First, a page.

2. CAP Barbell Olympic Trap Bar, Hex Bar, Shrug Bar, Deadlift Bar for home and gym workout


4. Snatch Grip Deadlift Or Wide Grip Deadlift

Difficulty: Advanced

Equipment Needed: Barbell, Weight plates, Gym Belt

Muscles Worked: Traps, Hamstrings, and Upper Back

Focus: Engages the muscles of the traps, hamstrings, and the upper back.

How to do a Snatch Grip Deadlift

Snatch Grip Deadlift
  • Put the desired weight in the bar and place it on the floor.
  • Stand straight with your feet hip-width apart and shin close to the bar.
  • Slightly bend your knees and push your hips back just enough to reach and grab the bar.
  • Hold the bar firmly with both hands with a hook grip. And make sure your hands are a couple of inches wider than shoulder-width apart. That’s the set-up.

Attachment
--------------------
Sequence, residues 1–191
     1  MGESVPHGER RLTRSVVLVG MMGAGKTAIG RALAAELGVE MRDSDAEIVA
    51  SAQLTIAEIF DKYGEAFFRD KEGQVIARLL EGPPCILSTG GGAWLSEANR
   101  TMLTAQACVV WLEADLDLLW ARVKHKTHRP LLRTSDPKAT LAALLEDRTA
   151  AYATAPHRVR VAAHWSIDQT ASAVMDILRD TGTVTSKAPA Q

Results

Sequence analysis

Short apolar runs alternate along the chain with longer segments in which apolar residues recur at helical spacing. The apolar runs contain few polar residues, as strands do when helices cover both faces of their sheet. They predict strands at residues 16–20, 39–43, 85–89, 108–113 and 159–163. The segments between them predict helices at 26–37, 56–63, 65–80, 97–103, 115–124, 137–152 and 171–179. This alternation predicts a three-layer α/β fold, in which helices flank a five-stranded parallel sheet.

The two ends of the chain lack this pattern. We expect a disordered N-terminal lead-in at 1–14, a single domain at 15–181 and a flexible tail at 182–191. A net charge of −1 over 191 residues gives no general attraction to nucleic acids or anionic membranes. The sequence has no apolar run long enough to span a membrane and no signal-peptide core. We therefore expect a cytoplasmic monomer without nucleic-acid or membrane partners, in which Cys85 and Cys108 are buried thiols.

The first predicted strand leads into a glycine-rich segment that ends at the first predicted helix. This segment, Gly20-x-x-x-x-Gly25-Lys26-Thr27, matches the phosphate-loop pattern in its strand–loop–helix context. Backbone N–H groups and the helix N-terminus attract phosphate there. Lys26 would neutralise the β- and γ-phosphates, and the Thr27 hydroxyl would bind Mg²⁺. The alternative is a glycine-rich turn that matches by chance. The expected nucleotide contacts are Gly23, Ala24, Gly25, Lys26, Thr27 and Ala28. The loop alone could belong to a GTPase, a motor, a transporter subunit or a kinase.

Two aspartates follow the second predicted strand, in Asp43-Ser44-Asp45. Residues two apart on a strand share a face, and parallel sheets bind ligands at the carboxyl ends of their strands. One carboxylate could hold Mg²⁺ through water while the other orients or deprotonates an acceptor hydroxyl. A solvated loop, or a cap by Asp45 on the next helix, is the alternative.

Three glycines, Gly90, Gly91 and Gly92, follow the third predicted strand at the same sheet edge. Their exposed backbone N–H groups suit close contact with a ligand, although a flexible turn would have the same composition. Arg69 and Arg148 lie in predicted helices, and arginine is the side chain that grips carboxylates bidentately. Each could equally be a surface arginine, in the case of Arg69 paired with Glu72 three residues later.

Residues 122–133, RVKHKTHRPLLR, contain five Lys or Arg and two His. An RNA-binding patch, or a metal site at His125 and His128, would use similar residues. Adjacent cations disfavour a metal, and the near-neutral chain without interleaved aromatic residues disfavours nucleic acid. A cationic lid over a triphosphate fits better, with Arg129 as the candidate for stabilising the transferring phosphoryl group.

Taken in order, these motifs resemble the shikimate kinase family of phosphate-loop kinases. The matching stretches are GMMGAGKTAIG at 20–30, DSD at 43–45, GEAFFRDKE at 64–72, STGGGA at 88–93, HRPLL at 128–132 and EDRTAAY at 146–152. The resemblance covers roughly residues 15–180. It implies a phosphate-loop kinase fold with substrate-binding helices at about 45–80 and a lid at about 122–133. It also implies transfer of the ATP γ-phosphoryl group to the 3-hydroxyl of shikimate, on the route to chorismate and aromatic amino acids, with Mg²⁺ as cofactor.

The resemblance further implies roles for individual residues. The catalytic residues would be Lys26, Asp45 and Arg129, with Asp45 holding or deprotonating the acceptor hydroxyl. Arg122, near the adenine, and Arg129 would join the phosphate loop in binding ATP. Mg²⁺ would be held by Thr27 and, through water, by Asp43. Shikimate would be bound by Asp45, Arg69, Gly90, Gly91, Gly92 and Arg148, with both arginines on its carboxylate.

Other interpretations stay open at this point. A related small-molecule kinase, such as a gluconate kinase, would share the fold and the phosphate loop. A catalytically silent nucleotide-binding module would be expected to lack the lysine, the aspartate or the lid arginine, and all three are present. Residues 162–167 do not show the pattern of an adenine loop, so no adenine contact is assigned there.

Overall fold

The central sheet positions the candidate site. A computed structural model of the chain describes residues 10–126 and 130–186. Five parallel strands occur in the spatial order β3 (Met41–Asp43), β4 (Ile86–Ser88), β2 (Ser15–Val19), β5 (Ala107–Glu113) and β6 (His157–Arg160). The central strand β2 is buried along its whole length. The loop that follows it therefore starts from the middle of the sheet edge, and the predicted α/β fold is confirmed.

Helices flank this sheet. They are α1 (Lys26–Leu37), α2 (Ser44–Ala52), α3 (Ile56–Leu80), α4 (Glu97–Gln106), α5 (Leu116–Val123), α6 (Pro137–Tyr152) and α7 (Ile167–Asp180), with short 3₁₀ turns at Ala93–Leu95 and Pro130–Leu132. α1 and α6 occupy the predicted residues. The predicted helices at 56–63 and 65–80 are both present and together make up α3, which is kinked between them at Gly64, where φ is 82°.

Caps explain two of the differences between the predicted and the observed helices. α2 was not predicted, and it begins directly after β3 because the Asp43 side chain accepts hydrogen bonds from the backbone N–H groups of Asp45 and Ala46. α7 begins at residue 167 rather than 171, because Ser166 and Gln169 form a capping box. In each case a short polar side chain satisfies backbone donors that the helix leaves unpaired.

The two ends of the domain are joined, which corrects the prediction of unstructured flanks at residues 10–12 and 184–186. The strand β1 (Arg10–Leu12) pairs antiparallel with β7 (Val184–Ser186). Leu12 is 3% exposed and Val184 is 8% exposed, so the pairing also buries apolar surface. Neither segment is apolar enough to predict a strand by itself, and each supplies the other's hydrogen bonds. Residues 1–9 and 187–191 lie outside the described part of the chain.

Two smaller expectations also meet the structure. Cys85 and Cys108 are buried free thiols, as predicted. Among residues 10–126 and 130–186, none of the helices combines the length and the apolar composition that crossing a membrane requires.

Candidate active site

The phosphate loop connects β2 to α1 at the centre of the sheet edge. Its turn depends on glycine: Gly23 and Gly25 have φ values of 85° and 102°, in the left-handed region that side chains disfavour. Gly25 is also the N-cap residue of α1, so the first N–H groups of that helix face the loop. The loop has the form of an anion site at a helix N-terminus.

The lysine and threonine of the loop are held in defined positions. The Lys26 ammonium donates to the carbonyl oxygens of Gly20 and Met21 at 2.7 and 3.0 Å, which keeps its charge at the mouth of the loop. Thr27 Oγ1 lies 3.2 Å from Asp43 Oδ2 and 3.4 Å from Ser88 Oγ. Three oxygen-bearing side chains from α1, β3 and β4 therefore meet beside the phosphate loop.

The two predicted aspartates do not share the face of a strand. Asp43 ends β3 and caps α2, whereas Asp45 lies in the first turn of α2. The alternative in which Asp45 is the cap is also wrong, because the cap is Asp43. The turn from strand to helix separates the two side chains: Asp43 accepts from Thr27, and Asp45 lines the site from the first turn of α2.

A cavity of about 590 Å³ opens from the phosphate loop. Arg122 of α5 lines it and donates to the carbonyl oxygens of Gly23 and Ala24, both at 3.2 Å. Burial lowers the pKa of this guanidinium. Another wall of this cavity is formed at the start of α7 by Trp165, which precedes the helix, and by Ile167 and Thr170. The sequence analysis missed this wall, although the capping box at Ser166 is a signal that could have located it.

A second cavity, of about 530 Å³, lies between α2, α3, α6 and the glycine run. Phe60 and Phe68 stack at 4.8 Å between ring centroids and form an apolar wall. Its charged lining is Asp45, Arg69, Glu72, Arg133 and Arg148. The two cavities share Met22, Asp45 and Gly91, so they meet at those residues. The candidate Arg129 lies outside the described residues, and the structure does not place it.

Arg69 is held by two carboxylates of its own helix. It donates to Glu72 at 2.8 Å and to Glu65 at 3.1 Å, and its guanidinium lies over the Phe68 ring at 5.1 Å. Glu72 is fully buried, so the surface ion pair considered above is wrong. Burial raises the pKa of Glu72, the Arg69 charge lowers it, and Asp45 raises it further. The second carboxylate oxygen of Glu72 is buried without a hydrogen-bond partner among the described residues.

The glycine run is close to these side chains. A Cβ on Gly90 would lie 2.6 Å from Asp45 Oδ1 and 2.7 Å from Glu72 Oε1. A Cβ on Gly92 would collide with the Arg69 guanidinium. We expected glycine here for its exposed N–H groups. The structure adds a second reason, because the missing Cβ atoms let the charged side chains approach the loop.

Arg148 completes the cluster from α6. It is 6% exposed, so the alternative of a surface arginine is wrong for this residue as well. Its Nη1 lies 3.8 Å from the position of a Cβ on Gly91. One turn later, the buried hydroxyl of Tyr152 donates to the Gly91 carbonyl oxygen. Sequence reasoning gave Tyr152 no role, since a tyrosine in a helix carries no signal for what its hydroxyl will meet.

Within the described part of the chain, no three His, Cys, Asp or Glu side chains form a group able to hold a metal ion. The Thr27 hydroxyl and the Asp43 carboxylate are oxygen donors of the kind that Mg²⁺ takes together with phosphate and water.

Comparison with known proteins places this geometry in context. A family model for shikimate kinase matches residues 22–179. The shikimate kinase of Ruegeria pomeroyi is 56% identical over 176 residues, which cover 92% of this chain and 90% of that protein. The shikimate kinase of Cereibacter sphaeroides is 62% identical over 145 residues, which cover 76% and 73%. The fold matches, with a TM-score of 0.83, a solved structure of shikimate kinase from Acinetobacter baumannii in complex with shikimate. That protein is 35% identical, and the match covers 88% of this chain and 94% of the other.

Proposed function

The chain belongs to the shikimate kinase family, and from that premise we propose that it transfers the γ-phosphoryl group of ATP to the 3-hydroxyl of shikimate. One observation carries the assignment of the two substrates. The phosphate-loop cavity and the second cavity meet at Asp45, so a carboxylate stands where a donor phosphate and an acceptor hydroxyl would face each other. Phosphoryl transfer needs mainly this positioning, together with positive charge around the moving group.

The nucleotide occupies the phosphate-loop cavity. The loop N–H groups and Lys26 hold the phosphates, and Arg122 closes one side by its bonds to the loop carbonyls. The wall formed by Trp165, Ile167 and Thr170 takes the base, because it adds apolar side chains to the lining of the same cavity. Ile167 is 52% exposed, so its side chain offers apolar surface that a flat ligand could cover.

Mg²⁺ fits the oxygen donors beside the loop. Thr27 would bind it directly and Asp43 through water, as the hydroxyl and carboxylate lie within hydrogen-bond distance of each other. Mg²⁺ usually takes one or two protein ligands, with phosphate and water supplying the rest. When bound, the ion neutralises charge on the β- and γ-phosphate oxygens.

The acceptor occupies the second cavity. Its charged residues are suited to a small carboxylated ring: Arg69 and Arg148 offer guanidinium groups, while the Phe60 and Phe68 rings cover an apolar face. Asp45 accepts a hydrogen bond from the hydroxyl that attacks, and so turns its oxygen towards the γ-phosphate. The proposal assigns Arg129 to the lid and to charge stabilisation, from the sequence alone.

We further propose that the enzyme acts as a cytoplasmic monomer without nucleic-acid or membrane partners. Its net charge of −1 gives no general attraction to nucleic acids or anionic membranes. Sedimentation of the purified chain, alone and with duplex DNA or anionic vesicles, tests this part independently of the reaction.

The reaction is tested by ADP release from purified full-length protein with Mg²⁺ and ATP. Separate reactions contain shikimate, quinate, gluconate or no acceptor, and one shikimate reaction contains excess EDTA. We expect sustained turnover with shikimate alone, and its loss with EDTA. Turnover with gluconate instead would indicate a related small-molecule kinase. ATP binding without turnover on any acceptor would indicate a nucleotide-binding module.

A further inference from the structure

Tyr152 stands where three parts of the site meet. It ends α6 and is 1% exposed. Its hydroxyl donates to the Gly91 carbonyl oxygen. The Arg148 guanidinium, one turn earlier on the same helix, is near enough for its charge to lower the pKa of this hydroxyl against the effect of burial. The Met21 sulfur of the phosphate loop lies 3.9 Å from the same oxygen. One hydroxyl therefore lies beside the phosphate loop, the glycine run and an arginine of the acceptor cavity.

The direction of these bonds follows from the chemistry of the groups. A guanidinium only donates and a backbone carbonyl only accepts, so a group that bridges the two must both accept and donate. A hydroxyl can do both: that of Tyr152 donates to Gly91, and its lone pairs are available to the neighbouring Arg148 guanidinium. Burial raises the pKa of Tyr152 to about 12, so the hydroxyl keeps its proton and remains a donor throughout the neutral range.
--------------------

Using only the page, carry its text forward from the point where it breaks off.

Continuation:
• Inhale deeply, keep your core tight, and push your heels into the floor to lift the bar with your full strength.
  • Maintaining your spine in a neutral position, raise your hips and shoulders at the same time.
  • Perform as many reps and sets as you can.

Benefits of Snatch Grip Deadlift

The snatch grip deadlift targets different muscles at once like other variation of deadlift but it is a bit advanced and challenging movement. The wide grip deadlift targets your traps, upper back, hamstrings, and the glutes. A wider grip deadlift not only targets your lower body but also develop upper and lower back. Many powerlifters use this movement to increase their lifting capacity and they build stronger back and leg.


Related: An Ultimate Guide To The Dumbbell Leg Exercises